The Battle of Staunton River Bridge was an engagement on June 25, 1864, between Union and Confederate forces during Wilson-Kautz Raid of the American Civil War. The battle took place around the Staunton River Bridge, over the Staunton River, in Halifax and Charlotte counties, Virginia.
During the month of June 1864, Confederate General Robert E. Lee was commanding the Army of Northern Virginia in the defense of Petersburg, Virginia, against the Union siege under the command of Union Lt. Gen. Ulysses S. Grant. The Confederate forces were dependent on the flow of supplies from the south and west along the South Side and Richmond and Danville Railroad lines, and Grant realized that without these supplies the Confederates would be forced to abandon Petersburg.
Thus, Grant decided to dispatch Union cavalry to raid the rail lines and destroy them, thus cutting Lee off from his supplies. On June 22, 5,000 Union cavalry and 16 artillery pieces were pulled from the siege of Petersburg and sent, under the command of Brig. Gens. James H. Wilson and August V. Kautz, to destroy the lines of supply. During the next three days, despite pursuit and harassment from Confederate cavalry under the command of Maj. Gen. W.H.F. "Rooney" Lee, the Union cavalry succeeded in destroying 60 miles (97 km) of railway.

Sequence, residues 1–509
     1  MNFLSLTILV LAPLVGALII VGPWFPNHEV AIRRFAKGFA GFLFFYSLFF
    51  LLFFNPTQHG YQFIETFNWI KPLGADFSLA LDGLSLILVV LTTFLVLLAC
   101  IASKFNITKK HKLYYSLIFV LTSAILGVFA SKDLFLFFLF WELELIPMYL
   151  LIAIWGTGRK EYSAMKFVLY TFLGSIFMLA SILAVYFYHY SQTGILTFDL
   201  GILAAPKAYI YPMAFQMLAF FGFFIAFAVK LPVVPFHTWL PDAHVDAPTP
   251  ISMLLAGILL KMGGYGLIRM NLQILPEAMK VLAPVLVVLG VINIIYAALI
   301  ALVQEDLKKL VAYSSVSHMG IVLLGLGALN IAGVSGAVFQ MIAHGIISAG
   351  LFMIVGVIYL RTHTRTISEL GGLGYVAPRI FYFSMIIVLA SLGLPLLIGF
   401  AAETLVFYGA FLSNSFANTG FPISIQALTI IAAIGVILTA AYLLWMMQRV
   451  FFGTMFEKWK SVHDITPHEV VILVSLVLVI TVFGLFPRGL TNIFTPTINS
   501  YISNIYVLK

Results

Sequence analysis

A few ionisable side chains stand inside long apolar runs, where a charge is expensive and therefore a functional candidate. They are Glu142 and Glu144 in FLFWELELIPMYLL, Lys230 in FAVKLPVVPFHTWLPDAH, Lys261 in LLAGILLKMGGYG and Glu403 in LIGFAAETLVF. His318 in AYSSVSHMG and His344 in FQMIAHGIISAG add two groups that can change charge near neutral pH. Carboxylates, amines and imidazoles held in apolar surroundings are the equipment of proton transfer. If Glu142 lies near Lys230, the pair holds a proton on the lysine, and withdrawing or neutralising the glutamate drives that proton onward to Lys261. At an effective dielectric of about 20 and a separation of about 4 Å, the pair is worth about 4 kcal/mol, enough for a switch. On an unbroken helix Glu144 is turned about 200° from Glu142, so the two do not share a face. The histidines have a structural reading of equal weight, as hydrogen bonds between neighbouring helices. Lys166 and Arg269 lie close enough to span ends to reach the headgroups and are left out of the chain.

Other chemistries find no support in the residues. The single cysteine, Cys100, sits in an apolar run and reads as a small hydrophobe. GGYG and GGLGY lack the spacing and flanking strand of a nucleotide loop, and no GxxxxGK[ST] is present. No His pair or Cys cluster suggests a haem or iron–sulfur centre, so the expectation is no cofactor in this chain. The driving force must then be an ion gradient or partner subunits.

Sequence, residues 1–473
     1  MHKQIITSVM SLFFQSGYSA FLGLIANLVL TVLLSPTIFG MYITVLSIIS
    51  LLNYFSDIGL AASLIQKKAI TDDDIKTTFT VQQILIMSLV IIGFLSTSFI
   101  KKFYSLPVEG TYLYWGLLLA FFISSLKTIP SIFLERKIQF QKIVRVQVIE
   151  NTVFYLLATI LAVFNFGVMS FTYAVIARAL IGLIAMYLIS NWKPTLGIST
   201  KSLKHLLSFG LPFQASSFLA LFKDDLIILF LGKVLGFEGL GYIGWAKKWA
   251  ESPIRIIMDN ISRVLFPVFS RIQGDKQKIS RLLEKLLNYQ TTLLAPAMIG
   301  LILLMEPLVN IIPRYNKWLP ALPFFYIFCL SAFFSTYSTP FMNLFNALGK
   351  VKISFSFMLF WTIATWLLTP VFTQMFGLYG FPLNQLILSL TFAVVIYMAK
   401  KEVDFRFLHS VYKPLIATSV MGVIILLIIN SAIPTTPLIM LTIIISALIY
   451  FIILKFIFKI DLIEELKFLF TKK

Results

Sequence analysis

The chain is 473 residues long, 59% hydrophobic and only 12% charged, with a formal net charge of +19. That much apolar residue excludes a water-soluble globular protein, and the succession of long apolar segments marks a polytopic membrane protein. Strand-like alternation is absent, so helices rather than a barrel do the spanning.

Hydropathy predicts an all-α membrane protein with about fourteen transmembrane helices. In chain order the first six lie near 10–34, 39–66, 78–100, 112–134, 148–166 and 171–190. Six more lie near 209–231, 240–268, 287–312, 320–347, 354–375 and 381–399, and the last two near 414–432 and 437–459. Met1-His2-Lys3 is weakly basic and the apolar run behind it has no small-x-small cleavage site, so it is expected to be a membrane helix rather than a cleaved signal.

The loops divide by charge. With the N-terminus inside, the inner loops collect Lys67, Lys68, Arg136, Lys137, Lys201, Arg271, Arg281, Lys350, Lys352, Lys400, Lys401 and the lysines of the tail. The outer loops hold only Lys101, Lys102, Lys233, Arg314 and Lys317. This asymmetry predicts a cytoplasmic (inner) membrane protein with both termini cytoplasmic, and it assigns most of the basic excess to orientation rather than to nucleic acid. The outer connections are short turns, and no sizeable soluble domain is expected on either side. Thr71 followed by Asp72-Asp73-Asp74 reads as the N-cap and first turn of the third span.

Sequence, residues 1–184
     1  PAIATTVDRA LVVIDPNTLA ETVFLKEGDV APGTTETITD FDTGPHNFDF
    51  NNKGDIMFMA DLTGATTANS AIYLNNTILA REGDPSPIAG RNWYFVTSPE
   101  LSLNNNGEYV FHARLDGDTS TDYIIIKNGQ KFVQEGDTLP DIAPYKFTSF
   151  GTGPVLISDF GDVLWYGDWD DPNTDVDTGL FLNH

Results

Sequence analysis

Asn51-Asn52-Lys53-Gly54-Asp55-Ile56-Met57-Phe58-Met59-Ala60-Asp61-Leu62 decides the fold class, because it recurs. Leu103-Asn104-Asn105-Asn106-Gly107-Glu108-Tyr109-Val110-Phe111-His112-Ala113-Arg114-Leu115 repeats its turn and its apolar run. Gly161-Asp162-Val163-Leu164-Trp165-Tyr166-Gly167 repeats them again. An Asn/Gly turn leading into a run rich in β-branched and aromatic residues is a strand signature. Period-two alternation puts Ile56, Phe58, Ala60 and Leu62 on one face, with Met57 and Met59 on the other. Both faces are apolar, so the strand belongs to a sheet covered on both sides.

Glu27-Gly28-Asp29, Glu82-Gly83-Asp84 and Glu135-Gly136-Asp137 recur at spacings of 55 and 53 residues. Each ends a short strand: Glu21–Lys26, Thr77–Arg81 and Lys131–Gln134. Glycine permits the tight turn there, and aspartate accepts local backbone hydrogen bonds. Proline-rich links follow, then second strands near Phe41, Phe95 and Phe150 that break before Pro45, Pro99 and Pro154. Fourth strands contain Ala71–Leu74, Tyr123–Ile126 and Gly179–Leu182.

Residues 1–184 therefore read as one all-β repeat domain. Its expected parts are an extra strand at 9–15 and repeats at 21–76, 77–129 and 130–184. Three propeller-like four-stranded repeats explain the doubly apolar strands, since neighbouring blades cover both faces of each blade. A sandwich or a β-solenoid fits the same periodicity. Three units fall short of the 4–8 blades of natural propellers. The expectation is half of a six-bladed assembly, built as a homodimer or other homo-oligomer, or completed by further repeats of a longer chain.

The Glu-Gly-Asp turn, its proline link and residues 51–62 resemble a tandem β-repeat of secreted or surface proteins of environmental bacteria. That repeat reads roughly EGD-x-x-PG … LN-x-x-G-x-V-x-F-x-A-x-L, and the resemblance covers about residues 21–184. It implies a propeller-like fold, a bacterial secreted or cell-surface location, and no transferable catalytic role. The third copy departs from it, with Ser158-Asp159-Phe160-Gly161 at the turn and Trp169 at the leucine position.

The Staunton River Bridge runs south-southwest to north-northeast over the River Staunton (which itself runs northwest to southeast) and along it runs the Richmond and Danville Railroad, a vital part of the supply system for the besieged Army of Northern Virginia. The bridge was defended by 296 Confederate reservists under the command of Captain Benjamin L. Farinholt, who had been warned on June 23 that Union cavalry forces were approaching his position. Heeding this warning, Farinholt dispatched couriers to the nearby areas of Halifax, Charlotte, and Mecklenburg in order to recruit additional forces, and on the morning of the battle, 642 reinfor...